By Hillel Aron
By Joseph Tsidulko
By Patrick Range McDonald
By David Futch
By Hillel Aron
By Dennis Romero
By Jill Stewart
By Dennis Romero
SOMETIMES YOU GOTTA WONDER if L.A. City Attorney Rocky Delgadillo forgot to wear his helmet during his days playing safety on Harvard’s football team. Sure, like any halfway decent lawyer, he can probably write a plausible brief arguing that hospitals are breaking some law, somehow, when they drive recently discharged patients to Skid Row. But if we’re talking about homeless patients ready to be released from the hospital, where should they go? Arianna Huffington’s palace in Brentwood? Chief Bratton’s digs in Los Feliz? The mayor’s mansion in Hancock Park? Even with all the dangers of Skid Row, a homeless person stands a better shot of finding services there than on the streets of Beverly Hills. Let the city attorney consider filing all the charges he wants against hospitals and bring in the softheaded ACLU for moral support, but don’t distract us from finding the real solution: This county needs shelter space for the 88,000 homeless people who sleep on the streets every night. By the way, consider that homeless people might just be treated with more kindness than the rest of us, who get kicked to the curb, sometimes days before we’re well enough to return home, by hospitals serving the craven interests of very wealthy, morally bankrupt insurance companies.
Don’t Get Fooled Again
One of our favorite parlor games here at L.A. Sniper headquarters is imagining, in a perfect world, which one of the 15 Mighty Egos, a.k.a. L.A. City Council members, might be the first to be indicted. Our newest nominee: Tony Cardenas for blatant violation of public trust. Over the strenuous objections of City Administrative Officer Bill Fujioka, who pointed out the obvious — that competitive bidding saves money — Cardenas got his unindicted co-conspirators to go along with his plan for a no-bid sale of some $500 million worth of bonds needed for the new LAPD headquarters. Thirty percent of the booty from this stinks-to-high-heaven deal goes to E.J. De La Rosa & Co., a firm where high-profile City Hall lobbyist Fernando Guerra is a senior vice president.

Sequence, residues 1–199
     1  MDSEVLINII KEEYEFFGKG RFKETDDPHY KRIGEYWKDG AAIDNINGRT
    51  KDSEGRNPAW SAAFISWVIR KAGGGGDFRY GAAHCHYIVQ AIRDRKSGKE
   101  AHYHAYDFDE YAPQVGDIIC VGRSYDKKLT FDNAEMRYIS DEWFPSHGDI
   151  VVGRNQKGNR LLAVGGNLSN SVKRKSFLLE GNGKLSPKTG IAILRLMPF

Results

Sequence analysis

The deal was detailed in a story by Rick Orlov in the L.A. Daily News last week. If the Mighty Egos want to do business like this, they better install some portable showers outside City Hall so the public exposed to such a sleazeball spectacle can wash up before returning to work.
Billionaire party boy Ron Burkle would be about as good an owner of the L.A. Times as, say, Dick Cheney and his oil buddies would be sound stewards of the Arctic National Wildlife Refuge. Burkle, who wants so badly to own the paper, if not the entire Tribune Co., is no patron saint of the First Amendment. In the past two years, he’s done everything he could to keep his divorce settlement confidential. When Burkle failed to get a judge to seal his files, he asked the Legislature — twice — to pass a law to make those files secret. In 2004, months before he got then–state Senate President Pro Tem John Burton to fast-track the first bill, Burkle gave $120,000 to Gov. Steroids and $26,000 to the California Democratic Party. The legislation passed, but a judge deemed it to be unconstitutional: What goes down in a public court proceeding is, well, public. Earlier this year, Burkle tried again, but the bill by state Senator Kevin Murray, a Democrat from Culver City, failed. What makes these bills particularly creepy is Burkle’s insistence that he had nothing to do with them. Phooey. Murray was quoted at the time: “Clearly, it’s not lost on anybody that he’s involved .?.?.” Couldn’t Burkle take a long ride on his Boeing 757 and leave us the hell alone? We promise not to write about it. Hey, Ron, it can be our little secret.
Let Congress Investigate .?.?. ?Crime in L.A.
Too bad the ballots in the Congressional races last week didn’t include this option: Elect no one. Our lives would be so much better without Congress and a few other inside-the-Beltway institutions pushing us around. Over the years, we wouldn’t have been forced to endure endless investigations into matters of little or no consequence. We could have avoided the costly debacle examining whether Bill had sex with Monica in the White House and lied about it. Their obsessions with Bill’s obsessions cost us hundreds of millions of dollars, and the corresponding inattention to security matters made conditions ripe for 9/11. We wouldn’t have wasted millions of dollars and several years trying to figure out who told quasijournalist Robert Novak about a washed-up former CIA spook named Valerie Plame, whose life was never endangered by the revelation. Of course, for worse instead of better, Congress is here to stay; for the first time in 12 years, the Democrats are back in control — and threatening to launch even more investigations.
Why not forget about probing the obvious — Are American companies guilty of war profiteering? Is domestic surveillance unconstitutional? Are drug companies greedy? — and delve into questions the answers to which could actually help Americans.